Valley News – Vermont House and Senate lawmakers approve child tax credit deal

MONTPELIER — House and Senate lawmakers reached a final deal on HB 510, a $40 million tax cut package that would include a new refundable child tax credit for Vermont, and moved quickly Thursday to send the bill to Governor Phil Scott’s office.

The final compromise between the two chambers would send Vermonters $1,000 per child 5 or younger. Households earning $125,000 or less would qualify for the full credit; families claiming the credit would lose $20 for every $1,000 above the income threshold.

The credit would impact about 33,000 children in the state. The estimated cost to state coffers for this new credit alone would be $32 million.

The Senate approved the bill in a voice vote Thursday morning. The House responded in the afternoon by pushing HB 510 across the legislative finish line on a vote of 141-4.

The tax credit is modeled after the federal child tax credit, which Congress temporarily extended to $3,600 per child under age 6 during the pandemic for families earning $400,000 or less. The measure has been widely credited with reducing child poverty by around 30% nationally.

The expanded federal credit has since expired (though families who haven’t yet can still claim it for 2021). Democratic attempts to reinvigorate strong credit in the Build Back Better social spending program championed by President Joe Biden failed in the U.S. Senate after facing opposition from U.S. Sen. Joe Manchin, DW.Va.

The Vermont House passed a $48 million version of the tax credit in February that would have sent $1,200 to every family earning $200,000 or less for every child 6 and under. The Senate responded with a $1,000 appropriation with less than half that price — $22.5 million — that would have started phasing out for families earning more than $55,000 a year. The upper house bill would also have ended the tax cut after three years; the final compromise bill does not.

It is still unclear whether Scott would sign the measure. The Republican governor also wanted a big tax relief package this session, but he had offered to send tax cuts to a wider range of taxpayers.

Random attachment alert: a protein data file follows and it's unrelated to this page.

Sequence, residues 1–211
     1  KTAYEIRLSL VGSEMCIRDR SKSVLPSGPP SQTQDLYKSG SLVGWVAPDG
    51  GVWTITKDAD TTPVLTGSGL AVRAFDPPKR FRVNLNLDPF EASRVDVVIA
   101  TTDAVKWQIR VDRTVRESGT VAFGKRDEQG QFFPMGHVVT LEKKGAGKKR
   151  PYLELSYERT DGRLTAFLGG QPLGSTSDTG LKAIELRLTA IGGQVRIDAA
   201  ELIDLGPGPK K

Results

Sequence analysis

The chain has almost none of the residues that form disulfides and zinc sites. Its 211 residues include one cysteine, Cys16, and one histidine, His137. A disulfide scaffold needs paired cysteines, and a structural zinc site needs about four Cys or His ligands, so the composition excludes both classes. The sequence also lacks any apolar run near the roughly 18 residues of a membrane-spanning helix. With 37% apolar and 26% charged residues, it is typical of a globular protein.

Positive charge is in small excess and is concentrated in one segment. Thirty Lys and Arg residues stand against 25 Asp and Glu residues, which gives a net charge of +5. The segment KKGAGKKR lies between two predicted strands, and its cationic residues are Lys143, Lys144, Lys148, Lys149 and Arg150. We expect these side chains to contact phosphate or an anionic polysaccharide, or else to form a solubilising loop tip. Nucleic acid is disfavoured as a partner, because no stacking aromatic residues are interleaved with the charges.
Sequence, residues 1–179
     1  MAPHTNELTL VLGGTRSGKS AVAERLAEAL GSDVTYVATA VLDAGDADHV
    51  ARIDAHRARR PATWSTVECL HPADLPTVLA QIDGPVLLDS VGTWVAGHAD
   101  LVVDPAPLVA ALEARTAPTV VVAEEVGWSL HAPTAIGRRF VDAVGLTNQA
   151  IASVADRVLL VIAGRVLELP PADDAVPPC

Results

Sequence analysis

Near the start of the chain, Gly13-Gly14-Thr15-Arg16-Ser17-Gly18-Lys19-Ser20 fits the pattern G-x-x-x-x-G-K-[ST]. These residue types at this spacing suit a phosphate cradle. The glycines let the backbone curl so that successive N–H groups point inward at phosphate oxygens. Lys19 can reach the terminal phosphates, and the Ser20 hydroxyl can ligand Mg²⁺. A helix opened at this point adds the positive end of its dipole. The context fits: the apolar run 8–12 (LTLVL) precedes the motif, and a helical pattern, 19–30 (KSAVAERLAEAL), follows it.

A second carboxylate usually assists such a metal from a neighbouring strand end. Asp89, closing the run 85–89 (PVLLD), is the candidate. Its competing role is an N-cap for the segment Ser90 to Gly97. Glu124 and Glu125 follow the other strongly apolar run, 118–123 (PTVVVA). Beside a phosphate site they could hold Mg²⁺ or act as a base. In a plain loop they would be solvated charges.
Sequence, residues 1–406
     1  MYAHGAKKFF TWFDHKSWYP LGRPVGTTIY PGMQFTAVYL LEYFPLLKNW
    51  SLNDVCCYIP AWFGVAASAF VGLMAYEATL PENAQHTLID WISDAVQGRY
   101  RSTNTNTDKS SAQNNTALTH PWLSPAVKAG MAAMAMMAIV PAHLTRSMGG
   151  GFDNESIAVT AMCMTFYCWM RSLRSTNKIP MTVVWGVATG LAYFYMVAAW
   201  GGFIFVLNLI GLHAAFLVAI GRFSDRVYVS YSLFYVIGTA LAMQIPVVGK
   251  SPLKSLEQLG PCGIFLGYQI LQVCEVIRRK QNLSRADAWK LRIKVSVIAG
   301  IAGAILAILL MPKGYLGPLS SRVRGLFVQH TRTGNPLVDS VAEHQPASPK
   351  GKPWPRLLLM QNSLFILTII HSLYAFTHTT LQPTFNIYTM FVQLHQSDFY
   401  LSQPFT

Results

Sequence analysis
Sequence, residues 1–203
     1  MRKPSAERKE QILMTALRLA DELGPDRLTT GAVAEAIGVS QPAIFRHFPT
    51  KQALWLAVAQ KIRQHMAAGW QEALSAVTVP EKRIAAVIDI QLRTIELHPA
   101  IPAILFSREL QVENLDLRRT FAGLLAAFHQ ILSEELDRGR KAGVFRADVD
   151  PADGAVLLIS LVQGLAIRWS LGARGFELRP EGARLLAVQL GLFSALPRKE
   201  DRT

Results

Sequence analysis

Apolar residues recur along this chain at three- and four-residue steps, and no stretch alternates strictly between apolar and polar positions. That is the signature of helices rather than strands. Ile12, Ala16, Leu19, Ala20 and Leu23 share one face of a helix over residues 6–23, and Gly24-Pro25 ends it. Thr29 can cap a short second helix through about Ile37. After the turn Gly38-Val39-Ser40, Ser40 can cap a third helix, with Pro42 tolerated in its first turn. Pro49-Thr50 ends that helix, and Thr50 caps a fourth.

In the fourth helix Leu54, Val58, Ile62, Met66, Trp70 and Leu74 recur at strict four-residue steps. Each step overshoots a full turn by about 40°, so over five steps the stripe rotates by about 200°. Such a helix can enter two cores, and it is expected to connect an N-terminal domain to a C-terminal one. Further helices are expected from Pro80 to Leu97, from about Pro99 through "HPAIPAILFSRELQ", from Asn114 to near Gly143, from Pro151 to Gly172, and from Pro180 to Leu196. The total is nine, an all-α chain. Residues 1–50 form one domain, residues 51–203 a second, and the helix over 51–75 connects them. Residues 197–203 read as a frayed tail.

With the final version of HB 510, lawmakers adopted versions of some of Scott’s proposals. The bill, for example, would create a deduction for all interest paid on student loans for taxpayers with incomes of $120,000 for single filers and $200,000 for married filers. It also expands the state working income tax credit very slightly and significantly expands the child care and dependent care credit. It also expands the income thresholds for the Vermont Social Security exemption by $5,000.

House Ways and Means representative Janet Ancel, D-Calais, said she believed the measure, if passed, would likely create the most generous state-level child tax credit in the country. . A total of 510 HBs would reduce the tax burden of about 70,000 people in the state, she added.

“In all my years here, this is the most significant tax relief program we have been able to provide Vermonters,” Ancel told his colleagues on the floor.

Scott has been pushing for years for Vermont to join other states in waiving military retirement benefits altogether, and has repeatedly stressed to lawmakers that it’s a top priority this session. HB 510 does not include such an exemption, although it does exclude $10,000 in military retirement pay — subject to income thresholds — which is well below the governor’s goal.

“The governor has not yet made a decision on the bill,” Jason Maulucci, Scott’s press secretary, said in an email. “He believes the Legislature has missed an opportunity to deliver broader and more impactful tax relief to Vermonters, as he proposed in January. However, he is fortunate that this year the legislature has come around to his view that tax relief is needed.

Almost all Republicans ultimately supported HB 510 when it came time to vote. But a few nonetheless spoke up to echo the governor.

Rep. Ken Goslant, R-Northfield, said he backed the measure because he wanted to help families with children – but said he was still disappointed with the partial military superannuation waiver.

“We could and should have done more for our veterans,” he said.

The bill would also increase annual renewal fees paid by investment companies on mutual funds from $1,500 to $1,650, which is expected to generate $3.6 million in additional revenue for Vermont.

Comments are closed.